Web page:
Perhaps best known for his exploits on the current rodeo scene–winning a gold medal at the 1993 World Championships in Tennessee, breaking his ribs in the '95 finals in Munich and placing second in '97 in Ontario–Washington, D.C.'s (when he's not traveling in his motorhome) Eric Jackson, also an accomplished C-1 paddler, is one of the most versatile kayakers on the planet. A member of the U.S. slalom team since 1989, he was the top-placing U.S. kayaker in the 1992 Olympics in Spain, taking 13th, and he won the U.S. slalom national championships in 1995. "Slalom and rodeo are similar in that they both take a lot of focus and commitment," he says.
Joe Jacobi and Scott Strausbaugh
In a move that would have qualified him for the national limbo team, Joe Jacobi leaned back just far enough at gate 24 of the 1992 Olympic slalom course in Barcelona to avoid a five-second penalty and secure him and C-2 partner Scott Strausbaugh the United States' first and only Olympic gold medal in whitewater. Jacobi, who runs a Bed and Breakfast in Copperhill, Tenn., still competes, now in C-1. With medal in hand, Strausbaugh has retired from competition, content to give motivational speeches through-out the country.
Harry Knight, Karl Knight, Charles Havens and John Larcombe
When kayaking was first brought to the Olympic Games as a demonstration sport in the 1924 Paris Olympiad, the U.S. was more than adequately represented. Not only did sprint paddlers Harry Knight, Karl Knight, Charles Havens and John Larcombe win every single kayaking event, but they finished second behind Canada in the sport's four canoeing events. As an interesting twist, Charles (AKA Bud)–who could have com-peted in either wrestling or paddling–went only at the last minute in place of his brother Bill Sr., whose wife was pregnant with son, Frank. Serendipity had Frank return in 1952 to win the gold his father couldn’t.
Jon Lugbill is generally recognized as the best paddler to ever compete in whitewater canoeing. He's a five-time World Champion in C-1, a one-time silver medal winner, a seven-time member of a gold medal winning team and is the only athlete in history to have won 12 golds in the Whitewater World Championships. "He was the group leader," says his former coach, Bill Endicott. "He was surprisingly selfless and was always thinking about the team. Yet he always wanted to be the best." Lugbill is also the only paddler ever to have his picture on a Wheaties Box. It hangs on the wall in his office of Richmond Sports Backers in Richmond, Va.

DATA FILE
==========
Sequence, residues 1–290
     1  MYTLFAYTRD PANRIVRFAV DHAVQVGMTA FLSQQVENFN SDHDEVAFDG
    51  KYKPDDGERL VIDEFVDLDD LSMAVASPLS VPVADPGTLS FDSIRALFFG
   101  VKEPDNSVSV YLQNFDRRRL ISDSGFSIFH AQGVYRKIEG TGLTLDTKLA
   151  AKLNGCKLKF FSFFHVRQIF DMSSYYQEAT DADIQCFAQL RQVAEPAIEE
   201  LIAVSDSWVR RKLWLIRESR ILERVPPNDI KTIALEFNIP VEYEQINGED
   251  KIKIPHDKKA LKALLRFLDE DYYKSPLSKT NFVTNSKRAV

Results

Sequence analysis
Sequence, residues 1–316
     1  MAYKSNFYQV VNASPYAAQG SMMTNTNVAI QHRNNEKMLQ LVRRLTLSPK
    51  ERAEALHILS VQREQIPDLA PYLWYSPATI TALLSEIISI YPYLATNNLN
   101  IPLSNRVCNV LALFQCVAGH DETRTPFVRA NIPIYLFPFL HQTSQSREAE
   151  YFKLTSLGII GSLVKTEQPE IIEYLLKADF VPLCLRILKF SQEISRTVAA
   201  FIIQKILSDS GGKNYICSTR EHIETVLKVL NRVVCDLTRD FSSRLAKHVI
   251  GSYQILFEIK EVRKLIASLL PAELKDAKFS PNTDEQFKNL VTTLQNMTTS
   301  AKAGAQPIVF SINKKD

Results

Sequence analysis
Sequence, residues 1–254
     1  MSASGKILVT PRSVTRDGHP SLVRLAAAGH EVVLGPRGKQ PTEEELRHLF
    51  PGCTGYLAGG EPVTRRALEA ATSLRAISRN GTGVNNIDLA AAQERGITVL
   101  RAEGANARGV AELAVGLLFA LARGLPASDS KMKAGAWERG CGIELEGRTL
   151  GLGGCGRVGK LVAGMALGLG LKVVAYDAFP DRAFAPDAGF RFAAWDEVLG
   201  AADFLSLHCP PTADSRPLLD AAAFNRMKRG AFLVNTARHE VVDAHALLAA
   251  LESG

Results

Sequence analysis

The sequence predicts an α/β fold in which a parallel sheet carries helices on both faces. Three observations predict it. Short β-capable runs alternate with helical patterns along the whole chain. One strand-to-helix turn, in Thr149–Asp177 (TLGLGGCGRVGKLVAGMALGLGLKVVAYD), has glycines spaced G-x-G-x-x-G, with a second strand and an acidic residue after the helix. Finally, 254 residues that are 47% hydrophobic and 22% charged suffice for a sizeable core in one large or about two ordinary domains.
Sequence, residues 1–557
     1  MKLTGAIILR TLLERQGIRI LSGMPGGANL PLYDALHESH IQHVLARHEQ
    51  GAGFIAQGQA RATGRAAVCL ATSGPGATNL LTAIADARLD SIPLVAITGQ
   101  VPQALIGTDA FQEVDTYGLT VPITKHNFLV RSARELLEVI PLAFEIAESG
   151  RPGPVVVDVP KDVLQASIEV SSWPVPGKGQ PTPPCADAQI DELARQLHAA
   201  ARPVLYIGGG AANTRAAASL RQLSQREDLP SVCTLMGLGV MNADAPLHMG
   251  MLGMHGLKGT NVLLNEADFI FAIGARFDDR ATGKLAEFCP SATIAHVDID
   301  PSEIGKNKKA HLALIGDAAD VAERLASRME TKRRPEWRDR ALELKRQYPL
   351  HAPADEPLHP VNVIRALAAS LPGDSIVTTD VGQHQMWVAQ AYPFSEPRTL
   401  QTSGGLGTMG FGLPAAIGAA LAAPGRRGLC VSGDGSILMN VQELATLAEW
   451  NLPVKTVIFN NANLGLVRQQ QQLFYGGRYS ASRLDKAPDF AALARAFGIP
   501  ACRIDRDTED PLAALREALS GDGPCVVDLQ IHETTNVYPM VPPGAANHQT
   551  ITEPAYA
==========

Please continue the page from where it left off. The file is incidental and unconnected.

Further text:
Steve Lysek was the lead paddler on the first-place U.S. Olympic C-2 10,000-meter team of Lysek and Steve Macknowski in 1948. He designed and built the boat–controlling warping by bookmatching the wood–and developed a shorter, more efficient stroke using torso rotation. Asked to protest another contestant's incursion into his lane in the 1000-meter race he refused–stating the paddler had not impeded his progress.
When the International Olympic Committee debuted whitewater slalom in the 1972 Munich Games for the first time in history, no one gave the U.S. much hope. All that changed when a 19-year-old named Jamie McEwan stormed to win the bronze in C-1, legitimizing the sport for a long line of followers. "That was a milestone for U.S. paddling," says Bill Endicott, former coach of the U.S. team. "Americans didn't believe in themselves until that moment." McEwan accomplished just as remarkable a feat when, coming out of retirement 20 years later, he placed fourth in C-2 with Lecky Haller at the 1992 Olympics in Spain.
If it weren't for tough twists of fate, Scott Shipley, 28, could well have six World Cup K-1 titles under his sprayskirt. As it is, he'll have to settle for three, in 1993, '95 and '97, with seconds in '98 and '99 and a third-place finish in '94. Even without his victories, however, he is by far the most successful slalom kayaker in U.S. history, if not the world. Apart from coaches and fellow competitors, the first people to recognize this are the townfolk from his home in Poulsbo, Wash., where a sign leading into town reads, "Welcome to Poulsbo...Home of Scott Shipley, 1993–1995–1997 World Cup Kayak Champion."
Not many athletes have appeared in the Olympics four years in a row. Then again, not many athletes, no matter how gifted, have the stamina of sprint canoeist Jim Terrell, 34, who competed in the Games in 1984, '88, '92 and '96. A woodsman by trade who makes custom paddles for elite canoeists, Terrell also holds the prestige of tallying 27 U.S. Olympic Festival (USOF) medals, including 17 golds, ranking him second in USOF history.
Although he might not have gained the notoriety of fellow U.S. teammate Scott Shipley, to this date two-time Olympian Rich Weiss enjoys the country's highest Olympic placing with a sixth-place show-ing in the '96 Games on the Ocoee. He also became the first American to medal in men's kayak at the World Championships in 1993. A long-time member of the U.S. kayak team, Weiss came to a tragic end in 1997 when he died kayaking Washington State's Upper White Salmon River.
–Compiled by Eugene Buchanan, Tom Bie, Richard Bangs, Aaron Bible, Jodie Deignan, Brad Dimock, David Gonzalez, Peter Kennedy, Ron Watters, Charlie Wilson and Roy Webb
Paddlers of the Next Century
We can hardly pay tribute to Paddlers of the Century without taking a look at those who will be carrying the torch into the 21st Century. Following is a sampling of paddlers, aged 21 or younger, to keep an eye on in the new millennium.